Effective roles for teaching assistants in whole-class work

Written by: Philip Hughes | Published:
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The teaching assistant’s role in intervention or group work is well understood, but what impact can they have on whole-class teaching and learning? Philip Hughes offers some advice

In the present climate of school budget reductions and with increasing pressures being placed on schools to meet ever-more demanding levels of achievement, the impact made by teaching assistants is a keenly discussed topic of conversation.

The Education Endowment Foundation (EEF) is clear: teaching assistants are not typically adding to pupils’ attainment, although if deployed well they have the potential to do so. How, then, can we maximise fully the potential of our teaching assistant workforce? How can we ensure that there is a positive impact on standards, particularly in the context of whole-class work?

Defining the role

Long gone are the days where teaching assistants functioned primarily as a teacher’s assistant. Resource management and classroom organisation are still parts of the job, yet it is the learning-centred aspects of a teaching assistant’s role which have developed over the years.

In its research recommendations for making best use of teaching assistants, the EEF is clear about the ways in which they can work with small groups of children and effectively lead interventions away from the classroom. However, the recommendations made by the EEF do not offer guidance for schools on how to fully maximise the significant contribution a teaching assistant makes during whole-class teaching and learning. It is this element of the role which we are working hard to develop at Crab Lane and Crumpsall Lane Primary Schools.

Whole-class teaching and learning

I regularly see teaching assistants deployed in a range of effective and creative ways beyond intervention – working with individuals within a lesson, teaching a higher level concept to a small group of able children, or setting off a group of children with special needs on a differentiated task. These approaches can all make a positive difference to pupil attainment.

There are, however, times when the whole class works together and it is during these learning opportunities that the impact of the teaching assistant is too often diminished. When the teacher is in full flow, it is easy for the teaching assistant to take a passive role and effectively receive the lesson from the teacher along with the children.

Clearly, this is not a good use of their time and in developing the teaching assistant’s role during whole-class work, we are aiming to further increase the impact they make. Recently, we have introduced three simple ways in which this can be achieved:

  1. Teaching assistant to model an activity alongside the teacher.
  2. Teaching assistant to model an activity instead of the teacher.
  3. Teaching assistant to lead feedback from children after an activity.

Modelling alongside the teacher

In all subject areas, effective modelling of tasks by adults underpins the success or failure of pupils’ collaborative and independent work. Ensuring that pupils are clear about both what is expected in terms of content and how it is to be laid out are fundamental requirements of a good lesson.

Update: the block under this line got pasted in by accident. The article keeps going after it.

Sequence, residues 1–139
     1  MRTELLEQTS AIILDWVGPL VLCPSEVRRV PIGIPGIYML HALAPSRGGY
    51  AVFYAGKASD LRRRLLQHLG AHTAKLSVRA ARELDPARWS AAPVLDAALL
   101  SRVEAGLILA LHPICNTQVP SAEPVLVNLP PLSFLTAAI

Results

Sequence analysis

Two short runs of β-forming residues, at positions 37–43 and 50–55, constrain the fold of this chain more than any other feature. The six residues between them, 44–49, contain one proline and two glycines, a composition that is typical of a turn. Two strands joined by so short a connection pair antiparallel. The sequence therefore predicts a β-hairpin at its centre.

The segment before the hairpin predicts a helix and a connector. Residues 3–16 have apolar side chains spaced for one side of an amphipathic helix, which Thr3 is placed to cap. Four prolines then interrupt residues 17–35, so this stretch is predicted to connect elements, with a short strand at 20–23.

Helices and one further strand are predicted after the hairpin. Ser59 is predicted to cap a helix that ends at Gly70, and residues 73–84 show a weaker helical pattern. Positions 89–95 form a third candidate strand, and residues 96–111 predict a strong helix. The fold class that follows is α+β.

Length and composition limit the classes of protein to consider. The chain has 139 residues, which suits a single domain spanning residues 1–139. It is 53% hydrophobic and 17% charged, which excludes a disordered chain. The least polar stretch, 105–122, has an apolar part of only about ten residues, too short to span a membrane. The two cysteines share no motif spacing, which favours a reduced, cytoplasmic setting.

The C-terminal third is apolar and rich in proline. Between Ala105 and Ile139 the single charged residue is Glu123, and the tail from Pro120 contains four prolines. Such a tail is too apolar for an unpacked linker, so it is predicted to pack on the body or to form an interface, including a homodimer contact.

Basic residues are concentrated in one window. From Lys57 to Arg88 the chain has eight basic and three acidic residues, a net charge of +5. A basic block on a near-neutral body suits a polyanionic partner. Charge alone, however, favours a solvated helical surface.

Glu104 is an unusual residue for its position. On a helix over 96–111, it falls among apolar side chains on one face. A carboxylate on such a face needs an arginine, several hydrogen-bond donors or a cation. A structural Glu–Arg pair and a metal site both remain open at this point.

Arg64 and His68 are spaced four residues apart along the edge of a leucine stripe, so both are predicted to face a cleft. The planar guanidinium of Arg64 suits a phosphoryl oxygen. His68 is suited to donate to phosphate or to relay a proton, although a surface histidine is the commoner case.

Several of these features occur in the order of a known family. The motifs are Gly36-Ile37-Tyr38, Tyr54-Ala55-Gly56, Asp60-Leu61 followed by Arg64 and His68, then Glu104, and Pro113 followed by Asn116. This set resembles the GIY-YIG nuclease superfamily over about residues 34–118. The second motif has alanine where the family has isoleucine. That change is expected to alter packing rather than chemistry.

Does it always have to be the teacher leading the modelling? Absolutely not, yet too often this is what I observe in the classroom. Our aim is to empower teaching assistants by insisting that they become part of the modelling process, alongside the teacher.

In the best lessons, I see teachers and teaching assistants working together to outline what is required of pupils before a collaborative task: the modelling of language structures, co-operative learning behaviours, basic courtesy and of course good learning content are part of this joint teaching approach.

By working in this way, the teaching assistant becomes fully involved in the learning and the children are given the chance to observe effective learning interplay. Children are much more likely to succeed in their paired or group work, if they are shown what to do and how to do it.

Modelling instead of the teacher

If the children are expected to work independently, then it is empowering for teaching assistants to lead the modelling of an activity at times. In the best lessons, I see this happen in a variety of ways, such as the setting out of calculations in maths, recording of character feelings in English, self-portrait in art, and questions to ask about an investigation in science.

Opportunities to model learning expectations occur throughout the day and by planning in explicit opportunities for teaching assistants to lead small sections of whole-class work, their role is instantly transformed from passive observer to active educator.

Significantly, it is an approach that benefits all: the children are given the opportunity to hear a different voice/style of explanation, the teaching assistant is empowered to make a meaningful contribution to teaching and learning, and the teacher creates an opportunity to view their class from a different perspective.

Leading feedback after an activity

Post-activity, it is common practice in the classroom for children to share their thoughts and responses to a set of questions posed or to a task set. In my experience, it is almost exclusively the teacher who I see leading post-activity feedback, whether it be directing questions, passing from one child to the next or evaluating and rephrasing a child’s contribution.